• For the Western Hemisphere, GDP growth in 2002 has been revised down by 1.9 percentage points to 1.7 percent, because of the deterioration in external financing conditions, which has seriously affected a number of countries in the region, and weaker external demand for goods, including the downturn in tourism, which has particularly affected many central American and Caribbean countries. Lower oil prices have lessened financing requirements for many countries, including those suffering from declines in the prices of other commodities, while further weakening the outlook for net oil exporters.

    • In emerging Asia, growth is expected to remain reasonably robust in China and to a lesser extent India, which are less exposed to external developments. Elsewhere, notwithstanding increased policy stimulus and the generally beneficial effect of lower oil prices, growth has been marked down sharply owing to weakening external demand together with the further deterioration in the IT sector (which has particularly affected a number of the newly industrialized economies).

      o In the Middle East, growth will be adversely affected by lower oil prices, and in some cases weaker remittances and tourism revenues, reflecting both the fallout from the September 11 events and the worsened security situation in the region. In Turkey, the outlook has been affected by weaker external demand, especially for tourist services, and more difficult financing conditions, while domestic real interest rates remain extremely high.

    • In the transition economies, the impact of recent events is expected to be relatively moderate. Indeed, although slowing compared to 2000, growth in Russia has been revised upward for both 2001 and 2002, buoyed by relatively strong domestic demand. Growth in central and eastern Europe is also expected to remain reasonably resilient, partly owing to the benefits of lower oil prices.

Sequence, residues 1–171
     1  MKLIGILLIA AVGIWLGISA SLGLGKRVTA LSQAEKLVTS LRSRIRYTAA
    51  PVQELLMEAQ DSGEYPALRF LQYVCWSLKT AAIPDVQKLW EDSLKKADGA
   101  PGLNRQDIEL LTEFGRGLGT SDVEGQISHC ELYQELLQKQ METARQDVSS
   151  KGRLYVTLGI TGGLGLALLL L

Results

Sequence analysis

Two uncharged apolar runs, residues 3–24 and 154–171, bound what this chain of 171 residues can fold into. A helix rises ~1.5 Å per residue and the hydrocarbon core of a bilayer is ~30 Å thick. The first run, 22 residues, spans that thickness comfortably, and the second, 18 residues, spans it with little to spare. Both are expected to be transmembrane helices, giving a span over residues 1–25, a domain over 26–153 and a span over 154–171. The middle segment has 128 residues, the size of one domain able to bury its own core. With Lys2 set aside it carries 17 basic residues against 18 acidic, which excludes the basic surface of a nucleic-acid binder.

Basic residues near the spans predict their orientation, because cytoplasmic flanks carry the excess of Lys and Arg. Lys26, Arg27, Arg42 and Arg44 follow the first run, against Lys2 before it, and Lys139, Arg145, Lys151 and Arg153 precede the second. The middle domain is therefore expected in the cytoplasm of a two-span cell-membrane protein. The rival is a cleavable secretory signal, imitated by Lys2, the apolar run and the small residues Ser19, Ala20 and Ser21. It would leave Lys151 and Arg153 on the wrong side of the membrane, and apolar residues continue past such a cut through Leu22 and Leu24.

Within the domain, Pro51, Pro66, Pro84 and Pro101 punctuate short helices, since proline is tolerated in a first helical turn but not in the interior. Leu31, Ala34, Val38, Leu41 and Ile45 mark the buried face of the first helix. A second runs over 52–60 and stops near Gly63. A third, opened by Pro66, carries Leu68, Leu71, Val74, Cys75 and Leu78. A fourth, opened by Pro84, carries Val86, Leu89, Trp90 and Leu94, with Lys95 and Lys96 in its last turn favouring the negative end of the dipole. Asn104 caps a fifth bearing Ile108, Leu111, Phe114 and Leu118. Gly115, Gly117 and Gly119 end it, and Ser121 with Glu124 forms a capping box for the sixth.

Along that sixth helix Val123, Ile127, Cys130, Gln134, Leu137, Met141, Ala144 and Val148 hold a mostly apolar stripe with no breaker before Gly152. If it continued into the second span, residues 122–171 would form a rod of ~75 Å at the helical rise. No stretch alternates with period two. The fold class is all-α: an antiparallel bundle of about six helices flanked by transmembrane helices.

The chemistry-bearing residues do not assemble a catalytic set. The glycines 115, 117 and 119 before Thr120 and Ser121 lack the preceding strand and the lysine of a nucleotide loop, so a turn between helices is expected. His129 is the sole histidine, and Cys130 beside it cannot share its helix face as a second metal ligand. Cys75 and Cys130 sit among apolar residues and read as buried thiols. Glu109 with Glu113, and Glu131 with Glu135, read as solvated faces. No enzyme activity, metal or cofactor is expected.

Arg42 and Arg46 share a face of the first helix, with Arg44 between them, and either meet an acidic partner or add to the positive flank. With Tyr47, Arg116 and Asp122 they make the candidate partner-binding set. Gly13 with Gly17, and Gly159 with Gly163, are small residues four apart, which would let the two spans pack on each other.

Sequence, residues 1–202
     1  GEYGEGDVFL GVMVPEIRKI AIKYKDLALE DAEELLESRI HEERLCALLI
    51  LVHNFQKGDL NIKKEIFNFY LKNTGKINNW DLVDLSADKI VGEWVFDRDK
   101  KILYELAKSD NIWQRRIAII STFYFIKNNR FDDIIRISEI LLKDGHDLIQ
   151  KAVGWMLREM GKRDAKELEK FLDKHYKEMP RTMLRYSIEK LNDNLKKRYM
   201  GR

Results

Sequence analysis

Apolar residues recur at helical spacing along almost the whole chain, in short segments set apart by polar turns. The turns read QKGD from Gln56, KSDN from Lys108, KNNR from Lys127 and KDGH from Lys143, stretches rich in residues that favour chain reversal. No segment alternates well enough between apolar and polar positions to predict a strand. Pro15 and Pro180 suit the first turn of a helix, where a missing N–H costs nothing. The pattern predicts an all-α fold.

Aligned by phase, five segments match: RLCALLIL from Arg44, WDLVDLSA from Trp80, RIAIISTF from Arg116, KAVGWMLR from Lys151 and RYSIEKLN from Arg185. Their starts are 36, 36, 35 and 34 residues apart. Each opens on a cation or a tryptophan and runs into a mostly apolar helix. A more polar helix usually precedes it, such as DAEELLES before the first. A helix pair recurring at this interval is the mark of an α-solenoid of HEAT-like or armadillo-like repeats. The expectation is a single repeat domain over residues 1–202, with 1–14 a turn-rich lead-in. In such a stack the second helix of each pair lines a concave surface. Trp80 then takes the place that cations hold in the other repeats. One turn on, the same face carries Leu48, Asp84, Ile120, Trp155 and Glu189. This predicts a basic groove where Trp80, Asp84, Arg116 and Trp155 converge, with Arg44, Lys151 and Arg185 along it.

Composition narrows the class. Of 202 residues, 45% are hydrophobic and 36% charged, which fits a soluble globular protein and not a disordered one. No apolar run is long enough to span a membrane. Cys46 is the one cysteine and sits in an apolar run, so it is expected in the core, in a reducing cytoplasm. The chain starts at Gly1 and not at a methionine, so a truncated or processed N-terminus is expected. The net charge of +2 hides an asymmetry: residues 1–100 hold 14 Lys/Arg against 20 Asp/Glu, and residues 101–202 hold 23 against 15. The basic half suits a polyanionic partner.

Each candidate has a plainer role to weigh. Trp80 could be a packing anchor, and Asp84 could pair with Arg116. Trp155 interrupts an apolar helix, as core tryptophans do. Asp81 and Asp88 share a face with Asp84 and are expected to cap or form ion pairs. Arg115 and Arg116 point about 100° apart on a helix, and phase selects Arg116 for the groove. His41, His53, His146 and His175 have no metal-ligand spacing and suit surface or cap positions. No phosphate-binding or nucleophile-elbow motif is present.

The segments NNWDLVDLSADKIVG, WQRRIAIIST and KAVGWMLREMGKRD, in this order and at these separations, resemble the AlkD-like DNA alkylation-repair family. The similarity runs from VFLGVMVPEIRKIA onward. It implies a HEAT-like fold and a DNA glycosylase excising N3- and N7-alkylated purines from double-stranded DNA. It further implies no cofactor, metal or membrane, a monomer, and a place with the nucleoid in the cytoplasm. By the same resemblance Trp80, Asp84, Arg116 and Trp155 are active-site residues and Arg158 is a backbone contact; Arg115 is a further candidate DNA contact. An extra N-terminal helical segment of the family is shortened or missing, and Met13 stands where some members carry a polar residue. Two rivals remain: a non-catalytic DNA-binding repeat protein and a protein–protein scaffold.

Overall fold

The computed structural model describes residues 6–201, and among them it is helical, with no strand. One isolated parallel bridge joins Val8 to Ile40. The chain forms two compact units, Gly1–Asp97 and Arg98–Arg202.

• The poorest countries are being hurt by weaker external demand and weakness in prices of commodities, with oil exporters particularly affected. Nonfuel commodity exporters will also be affected by further weakness in already depressed prices, especially for agricultural commodities, although the benefits from the lower cost of oil imports will help limit the increase in external financing requirements. On the macroeconomic side, while growth is projected to be relatively well sustained for the group as a whole—not least, because a number of countries are benefiting from the cessation of armed conflicts—this masks wide differences in the outlook for individual countries. Moreover, the aggregates may understate the impact on poverty, as lower prices for agricultural goods will hurt rural areas, where most of the poor live, while the benefits of lower oil prices tend to accrue in urban areas.

With substantial policy stimulus in the pipeline, there is a possibility that recovery in 2002 will come more rapidly than presently expected. However, given the already difficult situation for the global economy, the major policy issue at the current juncture is clearly the possibility that a worse outcome could occur. In this context, I would focus on four key areas of risk:

  • Confidence and activity in the United States may pick up more slowly than presently expected, for instance if the effects of the terrorist attacks themselves prove more prolonged, or if recovery is hampered by the imbalances accumulated in the past, including over-investment and consumers' relatively high indebtedness, particularly given higher interest rates for risky borrowers. In addition, there are also downside risks to activity in the other major currency areas. With no major region providing substantive support to activity, further weakness in any one would reinforce the already synchronized downturn, with consequences that would be difficult to predict given the progressively stronger and more complex economic and financial linkages across countries. This could likely result in a greater and more prolonged withdrawal from risk taking in financial markets, as well as lower commodity prices, both of which would adversely affect developing countries.